Every morning I open the door and let my dog Bleu out. He waits, tail wagging, for the chance to sample the smells and sights that await him in our yard. He patrols the fence line, learning everything he can about what happened while he was away. It's beautiful to see him run, his paws kick up bits of grass and dried leaves. He runs for the sheer joy of it. His joy becomes my joy as I watch him. I see him, and all dogs, as the embodiment of joy, something we as humans desperately need more of. Dogs can teach us about happiness, forgiveness and gratitude. There are some traits that dogs have that we probably should leave to them, like peeing on trees and rolling around in foul-smelling substances. But there are many that warrant emulation as well.

Dogs seek out the new and unfamiliar. Dogs love nothing more than to follow an interesting scent. What if we gave ourselves permission to explore and discover the way dogs do naturally? We might find new interests or discover a new way of looking at the world or even find a new approach to a business problem. Leaving ourselves open to new experiences, as dogs do, will certainly enrich our lives. Yes, there is the possibility that doing this will lead to a face full of porcupine quills or the occasional spray from a skunk, but there's no reward without accepting some risk.

There's nothing better than coming home to the enthusiastic welcome of a beloved dog. They don't care if you smell like used gym socks that have been left on a heater next to a pint of milk for a week. They are just happy to see you, in whatever state you happen to be in. Imagine if we carried that kind of enthusiasm in our own lives. While we probably shouldn't bark loudly and attempt to lick the face of people, we are happy to see, we can nevertheless express our happiness. While dogs seem to do it naturally, we must choose to be kind, to greet others with genuine warmth, and to look at each day as an opportunity to learn something new.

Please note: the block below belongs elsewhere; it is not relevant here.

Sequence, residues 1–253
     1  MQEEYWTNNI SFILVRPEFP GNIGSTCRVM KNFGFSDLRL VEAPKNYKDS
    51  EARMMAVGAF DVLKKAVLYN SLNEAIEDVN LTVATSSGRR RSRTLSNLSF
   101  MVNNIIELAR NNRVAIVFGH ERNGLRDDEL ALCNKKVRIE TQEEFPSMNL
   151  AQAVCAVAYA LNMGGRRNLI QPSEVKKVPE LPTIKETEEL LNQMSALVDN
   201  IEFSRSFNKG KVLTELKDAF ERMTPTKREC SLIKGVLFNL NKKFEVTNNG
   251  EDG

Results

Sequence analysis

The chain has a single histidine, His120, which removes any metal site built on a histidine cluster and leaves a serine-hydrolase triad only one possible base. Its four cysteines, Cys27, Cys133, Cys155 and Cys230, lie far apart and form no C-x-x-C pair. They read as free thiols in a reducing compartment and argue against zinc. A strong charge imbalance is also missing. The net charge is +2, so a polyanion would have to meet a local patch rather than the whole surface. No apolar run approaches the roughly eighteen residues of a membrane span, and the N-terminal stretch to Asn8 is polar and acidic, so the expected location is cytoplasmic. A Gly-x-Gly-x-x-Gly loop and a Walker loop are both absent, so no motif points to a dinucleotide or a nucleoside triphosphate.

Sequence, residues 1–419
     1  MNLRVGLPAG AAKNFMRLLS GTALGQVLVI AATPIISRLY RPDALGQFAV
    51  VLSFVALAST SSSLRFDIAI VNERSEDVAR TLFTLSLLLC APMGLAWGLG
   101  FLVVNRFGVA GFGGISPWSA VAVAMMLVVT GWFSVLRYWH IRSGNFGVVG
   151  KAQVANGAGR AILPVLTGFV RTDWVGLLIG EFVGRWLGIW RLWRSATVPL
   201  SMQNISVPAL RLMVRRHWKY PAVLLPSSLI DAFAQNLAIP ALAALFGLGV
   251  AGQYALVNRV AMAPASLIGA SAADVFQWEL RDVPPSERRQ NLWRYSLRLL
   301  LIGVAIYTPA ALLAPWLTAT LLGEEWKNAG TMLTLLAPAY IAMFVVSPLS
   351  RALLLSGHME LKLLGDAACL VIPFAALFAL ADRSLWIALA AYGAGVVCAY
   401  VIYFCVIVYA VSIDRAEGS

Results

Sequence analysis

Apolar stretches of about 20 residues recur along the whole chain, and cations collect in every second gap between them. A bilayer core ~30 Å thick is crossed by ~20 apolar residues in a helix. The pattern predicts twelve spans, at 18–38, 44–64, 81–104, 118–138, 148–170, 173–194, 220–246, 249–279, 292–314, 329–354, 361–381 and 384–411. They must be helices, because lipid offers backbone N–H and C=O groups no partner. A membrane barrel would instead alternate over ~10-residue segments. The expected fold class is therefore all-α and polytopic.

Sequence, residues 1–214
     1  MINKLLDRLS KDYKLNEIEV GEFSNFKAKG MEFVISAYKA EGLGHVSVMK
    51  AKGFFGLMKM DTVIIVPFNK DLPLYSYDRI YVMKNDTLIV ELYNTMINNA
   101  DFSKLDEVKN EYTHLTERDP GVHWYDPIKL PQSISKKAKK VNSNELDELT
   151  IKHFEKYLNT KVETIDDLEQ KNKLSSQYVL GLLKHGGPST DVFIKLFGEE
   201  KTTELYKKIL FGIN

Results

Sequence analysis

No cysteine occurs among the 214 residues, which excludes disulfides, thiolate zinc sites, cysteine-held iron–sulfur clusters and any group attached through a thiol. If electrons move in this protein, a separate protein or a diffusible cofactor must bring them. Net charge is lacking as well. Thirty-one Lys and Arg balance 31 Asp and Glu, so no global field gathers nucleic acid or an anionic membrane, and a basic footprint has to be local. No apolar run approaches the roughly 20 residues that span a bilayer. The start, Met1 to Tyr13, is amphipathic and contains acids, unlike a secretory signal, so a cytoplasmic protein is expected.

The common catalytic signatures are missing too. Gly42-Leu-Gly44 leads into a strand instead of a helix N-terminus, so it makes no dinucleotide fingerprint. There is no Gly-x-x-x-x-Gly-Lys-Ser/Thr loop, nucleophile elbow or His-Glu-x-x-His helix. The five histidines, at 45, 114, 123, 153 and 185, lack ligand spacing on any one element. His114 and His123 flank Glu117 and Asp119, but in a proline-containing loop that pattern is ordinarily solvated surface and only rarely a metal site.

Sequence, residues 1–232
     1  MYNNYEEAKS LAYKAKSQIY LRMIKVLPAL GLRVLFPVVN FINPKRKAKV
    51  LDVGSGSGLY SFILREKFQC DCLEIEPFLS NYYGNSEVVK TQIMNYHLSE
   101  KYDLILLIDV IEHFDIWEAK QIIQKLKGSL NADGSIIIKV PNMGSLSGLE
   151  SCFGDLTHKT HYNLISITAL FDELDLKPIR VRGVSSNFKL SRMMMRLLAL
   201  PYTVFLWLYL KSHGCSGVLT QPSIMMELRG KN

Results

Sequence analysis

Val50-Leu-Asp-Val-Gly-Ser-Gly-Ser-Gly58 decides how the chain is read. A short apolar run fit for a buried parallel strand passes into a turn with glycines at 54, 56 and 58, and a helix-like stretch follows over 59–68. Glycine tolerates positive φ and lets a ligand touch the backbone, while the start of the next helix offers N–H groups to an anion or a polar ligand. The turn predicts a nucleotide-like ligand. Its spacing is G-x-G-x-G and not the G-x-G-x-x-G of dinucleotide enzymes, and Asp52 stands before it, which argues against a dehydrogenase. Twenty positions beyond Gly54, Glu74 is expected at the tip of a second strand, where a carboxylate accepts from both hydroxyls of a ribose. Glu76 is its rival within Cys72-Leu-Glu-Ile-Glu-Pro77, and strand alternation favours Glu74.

Dogs find pleasure in the simplest of things. A dog can make an old, tattered blanket look as comfortable as a king-sized bed, a dry dog biscuit as delicious as a Thanksgiving feast. Because they live in the moment, their joy is immediate, untethered to memories or thoughts of the future. We as human beings could benefit from being more present. We could enjoy the simple pleasure of a ripe apple instead of yearning for an apple pie. We could take satisfaction in a job well done instead of wishing for a windfall. We could take the time to appreciate our children while they are still young, marvel at their capacity to learn and grow.

Dogs are more than just a human's best friend. They are our greatest invention. It took ten thousand years of selective breeding to come up with a companion as perfect as a dog. They share our lives, love us, expect little, and give much. And they can teach us far more than we can teach them.

Go ahead and pet your dogs now. They deserve it.

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